I kind of thought one of the scenes with the parents was a bit too much, considering that lots of teens watch the show. On the other hand, the way a teen’s parents function together — or don’t function together — certainly impacts the family dynamics. In that way, the scene was probably justified.
If you saw the episode, you’ll probably guess which scene I’m referring to.
Probably the biggest impact of this episode, in terms of realism, was the scene when Amy’s mother, portrayed by Molly Ringwald, told her daughter in no uncertain terms that she would have to get familiar with the idea that she would become a mother in just a few short months and HER ENTIRE LIFE AS SHE KNEW IT WOULD CHANGE FOREVER.
That is the best part of this new show, I think, getting that idea in teens’ brains: Babies change your life forever. Period.
The reality sank in for Amy immediately.
Guess what? She’s even more scared now than she was before … and rightfully so.
Here’s hoping that this show serves as a wakeup call for some teens.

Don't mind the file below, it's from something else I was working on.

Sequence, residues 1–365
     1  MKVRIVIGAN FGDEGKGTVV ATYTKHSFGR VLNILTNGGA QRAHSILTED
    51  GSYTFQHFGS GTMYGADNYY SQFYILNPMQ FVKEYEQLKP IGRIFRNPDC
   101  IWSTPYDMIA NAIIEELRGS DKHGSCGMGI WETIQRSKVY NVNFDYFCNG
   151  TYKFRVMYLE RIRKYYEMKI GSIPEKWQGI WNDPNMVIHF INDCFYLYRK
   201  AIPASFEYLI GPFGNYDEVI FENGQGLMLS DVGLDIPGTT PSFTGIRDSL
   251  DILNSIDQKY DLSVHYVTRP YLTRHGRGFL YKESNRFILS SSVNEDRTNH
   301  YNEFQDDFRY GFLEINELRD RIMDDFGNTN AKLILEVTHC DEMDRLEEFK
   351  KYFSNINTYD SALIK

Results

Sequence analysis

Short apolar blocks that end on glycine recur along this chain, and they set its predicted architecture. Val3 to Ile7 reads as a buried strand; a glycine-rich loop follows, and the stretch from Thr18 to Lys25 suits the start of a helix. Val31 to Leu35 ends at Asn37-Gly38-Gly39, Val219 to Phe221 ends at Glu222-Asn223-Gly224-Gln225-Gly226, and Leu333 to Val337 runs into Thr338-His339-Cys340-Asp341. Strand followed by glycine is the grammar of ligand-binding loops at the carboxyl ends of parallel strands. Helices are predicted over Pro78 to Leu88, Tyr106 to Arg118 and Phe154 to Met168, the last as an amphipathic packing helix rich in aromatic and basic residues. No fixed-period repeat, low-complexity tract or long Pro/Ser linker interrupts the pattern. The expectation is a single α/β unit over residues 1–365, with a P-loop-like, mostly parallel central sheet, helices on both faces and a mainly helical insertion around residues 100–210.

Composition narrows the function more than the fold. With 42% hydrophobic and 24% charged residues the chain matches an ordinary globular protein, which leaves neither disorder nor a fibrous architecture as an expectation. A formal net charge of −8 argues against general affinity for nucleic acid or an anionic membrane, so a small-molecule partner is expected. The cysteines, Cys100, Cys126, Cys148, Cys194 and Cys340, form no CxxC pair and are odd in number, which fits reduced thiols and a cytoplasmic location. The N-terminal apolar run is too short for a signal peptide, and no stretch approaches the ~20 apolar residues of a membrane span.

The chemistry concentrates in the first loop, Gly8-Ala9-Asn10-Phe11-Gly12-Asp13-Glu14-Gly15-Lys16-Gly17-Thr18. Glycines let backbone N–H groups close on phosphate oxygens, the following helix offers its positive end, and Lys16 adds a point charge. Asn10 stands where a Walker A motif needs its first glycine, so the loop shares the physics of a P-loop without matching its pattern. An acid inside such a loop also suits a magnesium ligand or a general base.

Hey, and I’d love to know what you thought about this week’s episode. Don’t forgot to share your comments …
P.S., I almost forgot: What in the world is Grace, the show’s Christian girl thinking? She has proclaimed to her mother that she is now “in love” with bad boy Ricky, the father of Amy’s baby. I’m thinking that she is very naive and a lot like so many girls out there.
The show, which began July 2008, has been called realistic by some, downright campy by others.
Either way, the dramedy about a pregnant high school girl may be of interest to teens and their parents.
I enjoy the show because it brings up some interesting scenarios that today’s teens and their parents (myself included) can discuss in an informal setting.
The show airs on Mondays this season and I’ll likely blog about it each Tuesday. It would be great to get some feedback/comments from others who watch the show as the season continues.
The issues raised on the show hit home particularly in light of Staff Writer Susan Simpson’s story about teen pregnancy featured in today’s Oklahoman.
The story notes that Oklahoma’s teen birth rate is among the nation’s highest, according to statistics compiled by the U.S. Centers for Disase Control and Prevention.
The story went on to quote Sharon Rodine, director of youth initiatives at the Oklahoma Institute for Child Advocacy, as saying that 2007 data for the state also shows an increase in teens giving birth.
Having said all that, I won’t comment on this week’s “Secret Life” season premiere because some folks might not realize that the new season has begun.
I’ll drop you a hint about the premiere’s focus, though: Something old, something new …